Dogs truly are man's best friend and beloved members of the family. Examining canine psychology, and the personalities of dogs overall, it's not hard to tell they feel the same way about humans. That's why, more than likely, your dog is always eager to spend as much time with you as possible. However, there may be instances when you wonder why your dog follows you everywhere. Simply put, it's in his genes. Dogs are genetically hard-wired to rely on their human counterparts, just as humans have depended on canines for centuries. Other factors that may contribute to a dog's follow behavior are boredom, hunger, and anxiety.
Breed and Genetics Play a Role
Not all dogs follow their owner everywhere, but quite a few breeds are genetically predisposed to being codependent on their pet parent. These breeds were domesticated by humans and have evolved, alongside their human counterparts, into who they are today. You'll often hear them referred to as 'velcro dogs,' because well, they stick to you like velcro. Even a solo escape to the bathroom can sometimes be difficult.
Because terrier breeds are known for their independence, the chances of them being 'velcro dogs' are slimmer than others, but not non-existent. Every dog is different, and it's vital to take that into account when questioning why your dog follows you everywhere you go.
Toy breeds, like chihuahuas, are genetically wired to be companions for humans. They will often bond to one person and follow that particular person closely. Herding dogs, like Border Collies, act similarly when it comes to following their best friend around. These breeds were bred to perform specific jobs, and they understand their pet parent fully.
All breeds have the potential to imprint on their human parent if brought home prior to 12 weeks of age. Puppies taken from their mother at a young age are more likely to view you as their 'parental' figure, and follow you closely throughout their life.
Dogs will frequently follow their owners around because they are rewarded with attention or positive interaction. Dogs will recall and repeat the behavior if following their pet parent around results in goodies, playtime, or some extra love.
Fear and Protection
Many dogs are terrified of loud noises, such as fireworks or thunderstorms, and may attach themselves to their pet parents during fearful times. Pet parents are a dog's safe place, and many see their family as a source of protection and safety.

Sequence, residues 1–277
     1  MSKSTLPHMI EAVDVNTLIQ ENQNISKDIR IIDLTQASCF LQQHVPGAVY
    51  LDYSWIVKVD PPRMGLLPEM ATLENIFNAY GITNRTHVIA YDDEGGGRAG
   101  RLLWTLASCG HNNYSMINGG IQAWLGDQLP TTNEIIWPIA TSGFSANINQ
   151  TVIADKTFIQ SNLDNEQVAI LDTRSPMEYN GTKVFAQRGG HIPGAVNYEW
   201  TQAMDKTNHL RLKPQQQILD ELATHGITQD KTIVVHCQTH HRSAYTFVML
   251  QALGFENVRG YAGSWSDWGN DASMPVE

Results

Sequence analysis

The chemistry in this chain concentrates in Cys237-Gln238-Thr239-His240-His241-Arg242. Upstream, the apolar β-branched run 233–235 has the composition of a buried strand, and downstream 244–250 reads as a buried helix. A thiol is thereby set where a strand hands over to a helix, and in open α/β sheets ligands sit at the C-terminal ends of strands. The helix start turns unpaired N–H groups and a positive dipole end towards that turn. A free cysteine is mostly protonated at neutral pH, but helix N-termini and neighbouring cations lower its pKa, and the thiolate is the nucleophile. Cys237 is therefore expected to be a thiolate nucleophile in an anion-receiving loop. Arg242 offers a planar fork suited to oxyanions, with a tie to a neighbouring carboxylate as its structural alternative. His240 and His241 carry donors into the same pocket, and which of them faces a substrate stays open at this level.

Separation anxiety could be a contributing factor to your dog's shadow behavior. Dogs with separation anxiety tend to follow their pet parents around the house wherever they may roam. They panic when left alone or are unable to locate their human companion.
Observing your dog's body language might help you figure out whether their shadowing habit is caused by anxiety or simply a desire to be close to you.
Symptoms of general anxiety in dogs may include the following:
- Wide eyes
- Heavy panting
- Heightened levels of tension
- Loss of interest in food, toys, or other once-loved items
Reducing Shadow Behavior
The majority of the time, shadow behavior isn't a cause for concern. There are methods you can take to minimize your dog's clinginess if the behavior becomes overpowering or too extreme for you.
First and foremost, exercise is essential for your dog, as it provides both physical and mental stimulation. The expression "a tired dog is a happy dog" is completely accurate. If your dog's tendency to shadow you becomes stressful, you can supply your dog with anxiety management tools including puzzle toys and healthy treats to keep their mind occupied.
When to Visit the Veterinarian
Make an appointment with your veterinarian if your dog is normally quite independent but suddenly becomes overly attached. A change in demeanor could be related to a behavioral issue, but it's also possible that your dog is following you closely due to an underlying medical condition.
A veterinarian would likely conduct a thorough physical examination and obtain a blood panel to rule out any medical concerns. If medical explanations have been ruled out, your veterinarian may recommend that you seek the help of a canine behaviorist to guide you in managing your dog's newly found behavior.
Don't Be Afraid of Your Dog's Shadow
There's usually no need to be concerned if your dog has always followed your every move. Some dog breeds are more reliant on humans for their safety and happiness than others. Don't panic if your dog suddenly starts following you; however, this could be a cause for concern and should be addressed by your veterinarian. In most circumstances, unexpected shadow behavior is only a phase that will pass once your dog feels more at ease.